Supplì production line - flour, egg, breadcrumbs
 Coat each ball in flour, egg and breadcrumbs, making sure to cover the entire surface at each stage . (At this stage, you can freeze them on a tray and then wrap them for storage in the freezer, thawing before deep frying.) Chill for at least an hour before deep frying.
When ready to cook, heat the oil for deep frying to 180°C (350°F) and monitor the temperature during cooking. Any hotter than this and the Supplì will brown long before the cheese melts in the centre—not a complete disaster but isn’t melty mozzarella so much nicer... Carefully lower the Supplì into the hot fat being careful not to overcrowd the pan. You’ll need to cook them in batches. Fry until deep golden brown.
Transfer the cooked Supplì  to a warm dish lined with kitchen paper to absorb any excess fat and leave to cook for a couple of minutes before serving - with a homemade tomato sauce, or garlic mayonnaise if you so desire.
This is street food so forget the cutlery and break them in two with your hands, stretching the “telephone wires” of mozzarella between the two halves in time-honoured tradition.


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  1. That looks heavenly! I want this for lunch. :)

  2. What an incredibly delicious post, I want to try this :D

    Choc Chip Uru

  3. They have the perfect name (surprise) and what a pleasant surprise they are. Looks crunchy from the outside and creamy from the inside, not to forget all the flavors each Suppli has. They are perfect :)

  4. It has been AGES since I last made and had a SURPRISE...these look mouthwatering!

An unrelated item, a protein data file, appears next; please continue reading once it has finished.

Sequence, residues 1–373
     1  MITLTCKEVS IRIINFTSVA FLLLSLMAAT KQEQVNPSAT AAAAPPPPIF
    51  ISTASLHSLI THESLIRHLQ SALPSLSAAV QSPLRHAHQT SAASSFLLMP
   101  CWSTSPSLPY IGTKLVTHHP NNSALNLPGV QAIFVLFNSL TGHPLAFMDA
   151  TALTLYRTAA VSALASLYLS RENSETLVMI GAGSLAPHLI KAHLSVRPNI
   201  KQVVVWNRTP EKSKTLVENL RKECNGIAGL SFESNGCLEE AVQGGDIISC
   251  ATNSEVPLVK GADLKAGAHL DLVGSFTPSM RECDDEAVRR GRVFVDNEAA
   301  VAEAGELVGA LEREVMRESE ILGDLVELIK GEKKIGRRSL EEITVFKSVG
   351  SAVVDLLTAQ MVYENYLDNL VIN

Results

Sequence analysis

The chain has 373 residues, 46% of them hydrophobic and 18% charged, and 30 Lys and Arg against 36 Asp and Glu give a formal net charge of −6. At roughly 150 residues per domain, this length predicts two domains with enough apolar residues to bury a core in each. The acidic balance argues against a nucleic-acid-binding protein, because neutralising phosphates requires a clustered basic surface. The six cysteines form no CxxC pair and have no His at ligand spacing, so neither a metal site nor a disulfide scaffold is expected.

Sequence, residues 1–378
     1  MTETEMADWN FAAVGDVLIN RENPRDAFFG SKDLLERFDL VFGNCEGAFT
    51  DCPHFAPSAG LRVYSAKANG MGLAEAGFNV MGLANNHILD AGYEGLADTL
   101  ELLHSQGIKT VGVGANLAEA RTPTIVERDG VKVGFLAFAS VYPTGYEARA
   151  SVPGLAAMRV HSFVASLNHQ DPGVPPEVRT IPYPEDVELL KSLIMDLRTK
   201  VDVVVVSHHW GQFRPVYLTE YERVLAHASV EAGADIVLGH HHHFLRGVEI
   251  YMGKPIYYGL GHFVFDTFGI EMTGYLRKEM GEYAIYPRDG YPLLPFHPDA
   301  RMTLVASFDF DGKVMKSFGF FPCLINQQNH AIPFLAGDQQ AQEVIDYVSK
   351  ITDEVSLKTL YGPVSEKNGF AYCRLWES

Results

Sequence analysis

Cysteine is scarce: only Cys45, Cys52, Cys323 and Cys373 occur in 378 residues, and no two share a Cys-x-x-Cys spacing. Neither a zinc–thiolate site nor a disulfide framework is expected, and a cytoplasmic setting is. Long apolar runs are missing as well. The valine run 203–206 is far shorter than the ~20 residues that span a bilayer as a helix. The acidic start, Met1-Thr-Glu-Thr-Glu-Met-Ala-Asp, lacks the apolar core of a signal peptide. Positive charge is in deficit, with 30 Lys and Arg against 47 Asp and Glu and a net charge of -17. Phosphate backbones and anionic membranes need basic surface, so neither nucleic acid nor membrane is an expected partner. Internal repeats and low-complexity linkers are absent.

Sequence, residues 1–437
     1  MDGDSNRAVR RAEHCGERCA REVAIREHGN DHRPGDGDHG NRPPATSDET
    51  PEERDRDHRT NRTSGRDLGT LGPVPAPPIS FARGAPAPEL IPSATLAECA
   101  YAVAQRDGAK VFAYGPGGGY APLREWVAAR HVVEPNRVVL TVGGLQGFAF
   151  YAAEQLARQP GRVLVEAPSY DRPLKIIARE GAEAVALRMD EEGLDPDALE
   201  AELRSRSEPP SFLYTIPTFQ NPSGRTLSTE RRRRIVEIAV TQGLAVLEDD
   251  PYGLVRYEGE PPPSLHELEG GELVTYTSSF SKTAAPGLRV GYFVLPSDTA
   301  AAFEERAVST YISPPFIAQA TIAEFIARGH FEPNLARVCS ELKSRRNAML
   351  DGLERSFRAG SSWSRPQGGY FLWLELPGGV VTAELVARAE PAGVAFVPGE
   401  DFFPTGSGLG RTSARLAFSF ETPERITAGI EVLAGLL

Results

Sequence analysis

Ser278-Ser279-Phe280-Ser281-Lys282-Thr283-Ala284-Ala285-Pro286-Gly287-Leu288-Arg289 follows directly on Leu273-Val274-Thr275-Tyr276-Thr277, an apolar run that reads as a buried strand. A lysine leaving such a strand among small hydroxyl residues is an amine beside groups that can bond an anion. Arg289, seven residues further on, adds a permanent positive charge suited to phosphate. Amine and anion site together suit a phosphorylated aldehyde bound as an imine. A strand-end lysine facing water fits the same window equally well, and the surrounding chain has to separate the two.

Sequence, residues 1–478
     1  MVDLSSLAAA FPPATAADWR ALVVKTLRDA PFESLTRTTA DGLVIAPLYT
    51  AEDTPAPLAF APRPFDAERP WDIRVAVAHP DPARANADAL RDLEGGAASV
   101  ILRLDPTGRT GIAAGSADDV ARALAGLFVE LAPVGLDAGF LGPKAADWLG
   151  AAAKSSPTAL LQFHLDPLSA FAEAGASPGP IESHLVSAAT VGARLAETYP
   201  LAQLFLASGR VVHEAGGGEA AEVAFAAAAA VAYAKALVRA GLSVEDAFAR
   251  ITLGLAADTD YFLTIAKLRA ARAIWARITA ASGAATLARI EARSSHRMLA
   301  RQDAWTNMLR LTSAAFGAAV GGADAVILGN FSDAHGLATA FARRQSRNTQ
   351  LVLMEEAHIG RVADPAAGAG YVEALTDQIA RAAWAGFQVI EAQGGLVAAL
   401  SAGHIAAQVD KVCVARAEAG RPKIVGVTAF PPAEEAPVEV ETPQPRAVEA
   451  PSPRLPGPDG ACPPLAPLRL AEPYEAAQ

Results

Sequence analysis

5. Hester, what a wonderful post - I love the recipe not only because I am always partial to "finger sized" food but because these look just wonderful to me. The recipe sounds so fabulous with the added mozarella as well as the gremolata. Fresh, delicious, summer "street food" - I would like some for my lunch now, please!
    Hope all is well!
    Have a great weekend!

  6. I hate the random price hikes on herbs (and all other fruits and veggies too) just when you need them!! Makes me wish I had a veggie garden lol. These look so good!! I don't think I'd be able to stop at two haha...

  7. Scrumptious! This is such a wonderful recipe.



  8. Delicious! These look so tasty, I think I'd prefer them bigger as well. Perfect. :)

  9. These look like the perfect company appetizer if I ever saw one. The crunchy outside and cream inside look completely mouthwatering!

  10. I love street food and what you cooked up here definitely to smile for. Those crusty balls look so much fun to eat. :)

  11. Hi Hester, such a yummy and appetizing finger food! Would love to try this one day.
    Thanks for visiting my humble blog and you have a great day. Regards :)

  12. Hi Hester! It's been far too long since I last stopped by your blog. I've seen this dish before and it has always made my mouth water. Great recipe, thanks for sharing:)

  13. What delightful snacks! The Spanish make these for tapas plates, but I can't think what they call them ... I call them, delish!